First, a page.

Clayton, New York
It was the third of September, one of those cloudless, perfect days nestled between the heat of summer and the approaching winter chill. The sky was so blue that Sweeney, getting out of her car in the supermarket parking lot, went stock-still and gawked upward at that amazing blue bowl as if she had never seen sky before. She hadn’t—not like this.
If there was one thing in life she knew, it was colors, and she had never before seen that particular shade of blue. It was incredible, deeper and darker, richer than any sky had the right to be. Just for today, this perfect day, the haze of atmosphere between heaven and earth had thinned, and she stood closer to the edge of the universe than she ever had before, so close that she felt almost as if she might be sucked into that blue, right away from earth.
Could she reproduce it? Mentally she mixed the pigments, automatically discarding some as her internal eye judged the results. No, that touch of white would make the shade too babyish. This wasn’t a wimpy blue—it was the most kick-ass blue she had ever seen. This was pure and dramatic, pulling her in and overwhelming her with the richness of its beauty. She stood with her face upturned, errand forgotten, and felt exalted by color, filled to overflowing, her heart swollen and aching with ecstasy.
When she finally remembered to drag her gaze back to earth, her eyes were dazzled. She saw a flash of . . . something, and though she hadn’t been looking at the sun, she thought the sky must be brighter than she’d thought, because her eyes needed to adjust. She blinked, then squinted. It was something solid, and yet not quite. ... It was a child, oddly two-dimensional.
She looked at the child, blinked, then looked again. Shock hit her like a sledgehammer, congealing her blood, numbing her fingertips.
The child was dead. She had attended his funeral a month before. But on this perfect day, while performing a perfectly ordinary errand, she saw a dead child walking across the parking lot.
Speechless, Sweeney darted her gaze to the woman the boy was following: his mother. Sue Beresford was carrying a bag of groceries in one arm, her other hand clutching the little paw of her rambunctious four-year-old, Corbin. Her face was drawn, her eyes shadowed with the sharp grief of a mother who had lost her older son to leukemia only a month before.
But there was little Sam, dead a month, following along behind her.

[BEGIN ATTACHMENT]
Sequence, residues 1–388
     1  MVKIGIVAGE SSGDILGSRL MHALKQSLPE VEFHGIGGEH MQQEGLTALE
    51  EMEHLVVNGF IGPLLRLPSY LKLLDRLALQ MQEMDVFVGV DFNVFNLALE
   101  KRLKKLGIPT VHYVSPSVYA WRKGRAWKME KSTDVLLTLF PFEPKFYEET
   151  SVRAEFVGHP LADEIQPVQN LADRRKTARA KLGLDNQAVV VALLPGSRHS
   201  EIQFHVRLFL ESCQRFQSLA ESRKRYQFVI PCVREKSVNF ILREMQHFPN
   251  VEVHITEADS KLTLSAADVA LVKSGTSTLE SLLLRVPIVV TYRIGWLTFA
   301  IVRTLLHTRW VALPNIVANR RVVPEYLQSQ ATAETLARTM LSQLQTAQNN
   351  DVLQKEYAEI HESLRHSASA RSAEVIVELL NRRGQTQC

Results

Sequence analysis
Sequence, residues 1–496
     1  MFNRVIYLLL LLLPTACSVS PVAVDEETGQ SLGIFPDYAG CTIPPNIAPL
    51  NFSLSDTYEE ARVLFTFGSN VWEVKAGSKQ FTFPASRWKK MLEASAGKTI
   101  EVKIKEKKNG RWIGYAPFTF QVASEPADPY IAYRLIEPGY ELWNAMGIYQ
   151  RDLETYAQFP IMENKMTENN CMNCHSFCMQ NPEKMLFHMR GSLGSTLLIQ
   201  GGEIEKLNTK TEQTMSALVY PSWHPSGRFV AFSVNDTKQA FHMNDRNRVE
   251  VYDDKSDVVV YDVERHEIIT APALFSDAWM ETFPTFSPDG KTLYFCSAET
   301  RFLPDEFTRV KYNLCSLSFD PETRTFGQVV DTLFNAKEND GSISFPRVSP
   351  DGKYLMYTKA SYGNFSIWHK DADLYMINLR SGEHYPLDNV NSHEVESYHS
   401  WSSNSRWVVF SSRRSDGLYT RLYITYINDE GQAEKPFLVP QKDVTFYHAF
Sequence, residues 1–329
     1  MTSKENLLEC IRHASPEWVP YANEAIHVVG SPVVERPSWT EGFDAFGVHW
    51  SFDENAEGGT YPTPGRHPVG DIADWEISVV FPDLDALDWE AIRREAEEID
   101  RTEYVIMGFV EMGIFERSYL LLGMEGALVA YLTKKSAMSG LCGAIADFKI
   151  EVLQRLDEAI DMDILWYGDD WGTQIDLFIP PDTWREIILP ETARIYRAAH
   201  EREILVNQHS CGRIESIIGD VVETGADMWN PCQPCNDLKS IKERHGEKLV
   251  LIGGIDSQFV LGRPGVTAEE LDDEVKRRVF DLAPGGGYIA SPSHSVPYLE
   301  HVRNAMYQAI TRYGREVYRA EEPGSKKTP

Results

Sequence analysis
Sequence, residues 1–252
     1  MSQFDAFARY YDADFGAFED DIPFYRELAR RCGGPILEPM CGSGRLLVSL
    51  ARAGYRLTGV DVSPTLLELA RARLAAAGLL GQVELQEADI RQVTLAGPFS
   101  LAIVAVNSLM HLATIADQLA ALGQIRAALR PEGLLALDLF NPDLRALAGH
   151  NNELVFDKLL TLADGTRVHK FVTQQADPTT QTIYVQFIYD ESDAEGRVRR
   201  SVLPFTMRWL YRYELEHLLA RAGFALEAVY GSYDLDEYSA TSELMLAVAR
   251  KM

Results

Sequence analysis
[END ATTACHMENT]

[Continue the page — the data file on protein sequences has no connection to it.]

Sweeney’s feet were frozen to the pavement, her entire body numb and incapable of movement as she watched the little boy desperately trailing behind his mother, trying to get her attention. “Mom,” ten-year-old Samuel Beresford kept saying, his voice thin with anxiety. “Mom!” But Sue didn’t respond, just kept walking, towing little Corbin behind her. Sam tried to catch her shirt, but the fabric slipped through his insubstantial grasp. He looked at Sweeney and she plainly saw his frustration, his bewilderment and fear. “She can’t hear me,” he said, the words wavering as if she heard them through an imperfect sound system. He hurried to catch up, his thin legs flashing under the loud plaid of his baggy shorts.
Sweeney swayed with shock and put her hand on the hood of the car to brace herself. The sun-warmed metal felt slightly gritty under her fingers. The blue bowl of the sky pressed down as if it would swallow her, and she stared mutely after the dead child.
The thin figure clambered into the backseat beside Corbin, moving quickly before his mother could shut the door. Sue got behind the steering wheel and drove out of the parking lot. Sam’s pale, translucent face shone briefly in the rear window as he looked back at Sweeney; his hand lifted in a forlorn little wave. Automatically she waved back.
Her mind formed one word:
New York CityOne Year Later
It was one thing to believe in ghosts, another to actually see them. Sweeney had discovered, though, that the kicker was whether or not she knew the ghost. In the small village of Clayton, New York, where she had lived until almost a year ago, she’d had at least a nodding acquaintance with most of the inhabitants, including the dead ones. In New York City, she didn’t know any of them, so she could look past the translucent faces in the crowd and pretend not to see them. Back in Clayton, after she had seen the ghost of Sam Beresford, she had never known when another ghost would stop and speak, and she had never been sharp enough to play it cool and pretend nothing had happened. No, she’d just had to react, and before long people were giving her those looks that said they suspected she was losing her marbles. She had packed up and moved before they began pointing at her on the street.
Yeah, the city was better. Warmer, too. About the time she began seeing the ghosts, her internal heat regulator seemed to go on the fritz, too. She always felt chilled these days, had for the past year. Maybe the cold had started even before she saw little Sam Beresford; she couldn’t remember, because who paid attention to things like that? It wasn’t exactly something anyone would mark on their calendars: August 29: Felt cold. Yeah, sure.
Sweeney didn’t know what had brought the ghosts to mind this bright September morning, but they were the first things she thought of when she woke. That, and the cold, which seemed worse. She got out of bed, hurriedly changed her pajamas for sweats, and went into the kitchen to get that first cup of coffee, thanking God for automatic timers as she went. It was so nice to have the coffee waiting for her when she got up, because she thought she’d probably freeze to death if she had to wait for it to brew.
The first sip warmed her insides on the way down, and she sighed with relief. She actually tasted the second sip, and was going back for the third when the phone rang.